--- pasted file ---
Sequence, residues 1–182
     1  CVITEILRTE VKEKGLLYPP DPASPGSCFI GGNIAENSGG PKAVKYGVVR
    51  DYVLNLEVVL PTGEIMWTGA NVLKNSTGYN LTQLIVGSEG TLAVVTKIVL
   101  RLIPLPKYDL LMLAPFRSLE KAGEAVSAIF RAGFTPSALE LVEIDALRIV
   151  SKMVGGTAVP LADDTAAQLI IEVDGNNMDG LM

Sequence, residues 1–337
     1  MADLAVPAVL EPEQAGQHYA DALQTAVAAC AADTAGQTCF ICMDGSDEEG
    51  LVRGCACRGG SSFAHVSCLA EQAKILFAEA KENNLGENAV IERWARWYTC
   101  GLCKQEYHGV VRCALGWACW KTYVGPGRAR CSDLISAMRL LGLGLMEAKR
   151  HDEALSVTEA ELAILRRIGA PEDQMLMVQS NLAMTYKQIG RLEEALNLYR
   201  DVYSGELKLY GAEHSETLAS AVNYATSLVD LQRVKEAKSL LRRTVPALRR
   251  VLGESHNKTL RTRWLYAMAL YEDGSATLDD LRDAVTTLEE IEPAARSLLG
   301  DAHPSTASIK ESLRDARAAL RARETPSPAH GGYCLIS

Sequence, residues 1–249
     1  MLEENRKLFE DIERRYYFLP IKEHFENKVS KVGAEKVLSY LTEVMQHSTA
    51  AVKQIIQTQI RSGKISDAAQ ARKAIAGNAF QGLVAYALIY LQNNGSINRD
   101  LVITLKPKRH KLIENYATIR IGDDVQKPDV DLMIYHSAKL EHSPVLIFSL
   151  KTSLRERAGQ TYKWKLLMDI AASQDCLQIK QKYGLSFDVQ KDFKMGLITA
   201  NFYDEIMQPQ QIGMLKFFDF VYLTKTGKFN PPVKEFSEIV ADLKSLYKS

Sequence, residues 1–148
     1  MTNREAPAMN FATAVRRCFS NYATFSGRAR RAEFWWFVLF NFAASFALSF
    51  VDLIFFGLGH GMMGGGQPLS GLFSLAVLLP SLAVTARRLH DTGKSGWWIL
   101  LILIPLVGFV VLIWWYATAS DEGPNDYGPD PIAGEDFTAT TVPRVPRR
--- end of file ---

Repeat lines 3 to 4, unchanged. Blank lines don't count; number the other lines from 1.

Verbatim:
    51  DYVLNLEVVL PTGEIMWTGA NVLKNSTGYN LTQLIVGSEG TLAVVTKIVL
   101  RLIPLPKYDL LMLAPFRSLE KAGEAVSAIF RAGFTPSALE LVEIDALRIV